The Obelisk Gate picks up pretty much where The Fifth Season ends, chronologically, although it shifts in writing style, with a narrator, telling Essun what’s going on, particularly with her daughter. It threw me just a little, to be honest, because I wondered if I’d got the wrong book, or missed something in the earlier book but once I settled into it, I found it worked quite well.
Traditionally the second book of a fantasy trilogy is the travel book, but with The Fifth Season in full swing, travel is rather difficult and we don’t get that here, rather we get more of an inner journey as both Essun and Nassun learn more about their powers, albeit in very different ways and we also learn some more about the Guardians.
For me, this book didn’t have the massive impact of The Fifth Season in some ways. The world is known, the main characters are known. However, we start to see the actual impact of living in a fifth season from little things like boil bugs - no one knew why they were called that, but during a fifth season they change, burrow under your skin and then create a boil (in the medical sense) of boiling hot water around them and cook a part of you alive to feed their eggs. One is just very painful, a dozen is possibly fatal. They fill pools by the thousands… But we also see the casual attitude to cannibalism which is common and the “Roggas aren’t human” and a strong thread of discrimination running through the book which is interesting in it’s own right. It might not have the massive impact of the first book but just because it’s quieter doesn’t mean that it’s not there and not powerful.
Alongside that we see Nassun maturing. She comes to realise the ways in which her mother, whom she hated and probably still hates, certainly won’t forgive, was acting from a mixture of fear, love and her own upbringing - and was certainly trying to do her best to bring Nassun up safely. Alongside that, she comes to see how her father, who she adores, doesn’t love her as she is, rather he loves her as he imagines her to be - in this case cured of being an orogene but the various scenes as that emerges have resonance for anyone who is in another unloved minority: gay, trans or similar being the most obvious one but I’m sure some forms of disability and so on will have people who identify strongly with it.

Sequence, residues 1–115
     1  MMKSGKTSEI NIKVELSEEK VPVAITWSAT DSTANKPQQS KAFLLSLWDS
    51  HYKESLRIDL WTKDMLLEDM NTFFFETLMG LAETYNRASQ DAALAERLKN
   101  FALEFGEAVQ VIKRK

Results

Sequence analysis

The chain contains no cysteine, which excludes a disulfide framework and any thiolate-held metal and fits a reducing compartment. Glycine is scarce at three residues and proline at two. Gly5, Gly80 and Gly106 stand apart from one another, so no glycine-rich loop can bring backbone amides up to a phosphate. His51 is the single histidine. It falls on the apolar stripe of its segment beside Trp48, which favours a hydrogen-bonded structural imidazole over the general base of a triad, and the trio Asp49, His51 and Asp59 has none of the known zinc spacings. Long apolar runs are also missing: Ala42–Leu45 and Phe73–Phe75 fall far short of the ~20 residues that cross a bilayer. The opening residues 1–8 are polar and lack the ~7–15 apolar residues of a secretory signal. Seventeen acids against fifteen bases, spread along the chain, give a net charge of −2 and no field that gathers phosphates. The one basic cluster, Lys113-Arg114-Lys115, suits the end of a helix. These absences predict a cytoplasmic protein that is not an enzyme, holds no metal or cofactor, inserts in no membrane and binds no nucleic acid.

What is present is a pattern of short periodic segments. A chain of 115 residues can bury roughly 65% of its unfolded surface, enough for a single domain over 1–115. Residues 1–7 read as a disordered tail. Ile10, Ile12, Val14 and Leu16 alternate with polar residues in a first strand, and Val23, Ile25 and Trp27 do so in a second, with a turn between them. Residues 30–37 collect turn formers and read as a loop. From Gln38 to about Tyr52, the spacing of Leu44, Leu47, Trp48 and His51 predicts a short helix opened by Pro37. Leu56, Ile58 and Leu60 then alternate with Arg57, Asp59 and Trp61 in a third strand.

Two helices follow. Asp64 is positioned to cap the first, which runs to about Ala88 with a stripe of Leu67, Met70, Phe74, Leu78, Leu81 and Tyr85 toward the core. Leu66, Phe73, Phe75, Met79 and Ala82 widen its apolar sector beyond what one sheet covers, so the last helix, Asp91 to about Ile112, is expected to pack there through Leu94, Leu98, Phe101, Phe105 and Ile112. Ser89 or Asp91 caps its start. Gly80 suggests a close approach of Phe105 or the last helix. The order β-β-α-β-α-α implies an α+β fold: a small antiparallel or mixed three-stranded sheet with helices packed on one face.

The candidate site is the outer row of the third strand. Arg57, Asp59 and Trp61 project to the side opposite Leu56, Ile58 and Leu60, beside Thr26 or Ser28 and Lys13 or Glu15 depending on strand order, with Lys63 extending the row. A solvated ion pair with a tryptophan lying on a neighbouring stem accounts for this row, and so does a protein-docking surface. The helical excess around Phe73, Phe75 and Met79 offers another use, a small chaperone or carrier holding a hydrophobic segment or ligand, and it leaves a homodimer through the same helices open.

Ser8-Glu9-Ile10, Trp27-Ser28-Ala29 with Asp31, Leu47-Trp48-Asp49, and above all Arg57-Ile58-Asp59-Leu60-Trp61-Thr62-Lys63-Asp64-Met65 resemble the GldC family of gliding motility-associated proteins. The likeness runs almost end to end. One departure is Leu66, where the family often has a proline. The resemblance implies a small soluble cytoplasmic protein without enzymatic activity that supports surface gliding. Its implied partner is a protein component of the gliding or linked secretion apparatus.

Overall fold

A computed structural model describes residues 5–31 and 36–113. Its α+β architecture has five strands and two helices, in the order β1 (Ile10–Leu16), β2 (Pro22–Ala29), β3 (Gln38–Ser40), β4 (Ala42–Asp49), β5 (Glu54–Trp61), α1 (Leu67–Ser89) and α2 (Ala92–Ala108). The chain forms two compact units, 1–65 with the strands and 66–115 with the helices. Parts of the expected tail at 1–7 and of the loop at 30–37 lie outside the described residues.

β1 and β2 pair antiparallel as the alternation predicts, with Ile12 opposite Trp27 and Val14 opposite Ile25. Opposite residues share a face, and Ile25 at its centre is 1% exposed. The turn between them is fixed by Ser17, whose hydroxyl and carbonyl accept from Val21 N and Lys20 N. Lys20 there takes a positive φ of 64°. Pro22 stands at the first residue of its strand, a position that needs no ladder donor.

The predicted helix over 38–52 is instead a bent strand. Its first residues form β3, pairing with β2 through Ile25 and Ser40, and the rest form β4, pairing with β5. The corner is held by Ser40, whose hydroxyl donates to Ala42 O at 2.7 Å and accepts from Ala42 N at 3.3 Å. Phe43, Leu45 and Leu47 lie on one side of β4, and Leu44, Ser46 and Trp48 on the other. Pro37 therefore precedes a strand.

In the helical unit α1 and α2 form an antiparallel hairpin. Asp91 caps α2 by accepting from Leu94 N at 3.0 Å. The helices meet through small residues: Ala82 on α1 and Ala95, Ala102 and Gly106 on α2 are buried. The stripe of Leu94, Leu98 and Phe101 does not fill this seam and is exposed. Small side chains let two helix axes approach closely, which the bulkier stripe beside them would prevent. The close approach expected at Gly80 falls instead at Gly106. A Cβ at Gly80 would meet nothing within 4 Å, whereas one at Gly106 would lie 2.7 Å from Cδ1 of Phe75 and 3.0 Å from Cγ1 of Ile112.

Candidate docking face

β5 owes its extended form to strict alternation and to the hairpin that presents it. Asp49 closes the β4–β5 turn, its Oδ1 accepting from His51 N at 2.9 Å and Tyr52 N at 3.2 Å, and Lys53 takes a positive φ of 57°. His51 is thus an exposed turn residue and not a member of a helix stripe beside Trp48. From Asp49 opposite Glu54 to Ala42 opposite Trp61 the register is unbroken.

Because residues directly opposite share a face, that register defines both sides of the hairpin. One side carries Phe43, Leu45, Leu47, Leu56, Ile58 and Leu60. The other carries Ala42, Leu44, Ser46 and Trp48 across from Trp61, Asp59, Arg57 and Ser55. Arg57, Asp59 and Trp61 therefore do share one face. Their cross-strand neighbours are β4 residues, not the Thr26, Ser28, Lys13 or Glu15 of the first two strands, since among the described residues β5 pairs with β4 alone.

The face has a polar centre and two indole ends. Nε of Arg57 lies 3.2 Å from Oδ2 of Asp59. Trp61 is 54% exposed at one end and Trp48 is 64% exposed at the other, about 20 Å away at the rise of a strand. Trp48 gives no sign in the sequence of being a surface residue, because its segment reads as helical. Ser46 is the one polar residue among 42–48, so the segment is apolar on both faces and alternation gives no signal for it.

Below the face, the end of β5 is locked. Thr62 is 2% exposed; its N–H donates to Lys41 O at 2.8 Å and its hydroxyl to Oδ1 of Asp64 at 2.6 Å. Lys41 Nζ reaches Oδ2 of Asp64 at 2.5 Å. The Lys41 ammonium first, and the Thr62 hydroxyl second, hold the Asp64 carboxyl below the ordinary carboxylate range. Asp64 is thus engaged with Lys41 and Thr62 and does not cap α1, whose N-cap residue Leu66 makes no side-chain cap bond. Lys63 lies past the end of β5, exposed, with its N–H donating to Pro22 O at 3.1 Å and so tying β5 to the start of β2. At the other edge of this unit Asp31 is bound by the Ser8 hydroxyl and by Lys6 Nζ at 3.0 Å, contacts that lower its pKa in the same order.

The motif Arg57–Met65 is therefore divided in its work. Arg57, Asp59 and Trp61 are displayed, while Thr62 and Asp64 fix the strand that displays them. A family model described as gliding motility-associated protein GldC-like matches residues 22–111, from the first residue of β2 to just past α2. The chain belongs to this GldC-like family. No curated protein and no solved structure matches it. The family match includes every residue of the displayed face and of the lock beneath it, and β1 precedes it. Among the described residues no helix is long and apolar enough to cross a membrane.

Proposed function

While all of this is going on in subtler ways than in The Fifth Season the big plot of The Obelisk Gate and the series overall is moving along. The details constitute major spoilers obviously but they move along nicely. Even here, as the characters are learning new skills, there is a subtle little dig at institutionalised learning versus folk knowledge as Essun finds it far easier to learn a skill from someone not trained in the Fulcrum’s rigid lessons and Nassun finds it easier to pick up the new way of thinking about magic than Essun did, as Essun had to unlearn the Fulcrum’s approach first.
This is not a traditional second book in a series by any stretch of the imagination and this approach would not work for many books. But it works nicely here. If you want your buckles swashed this isn’t the book for you, but you probably didn’t make it through The Fifth Season despite the pirates. But if you want a plausible look at being powerful but despised in an extreme survival situation, there’s a really powerful book here that’s well worth your time and effort.
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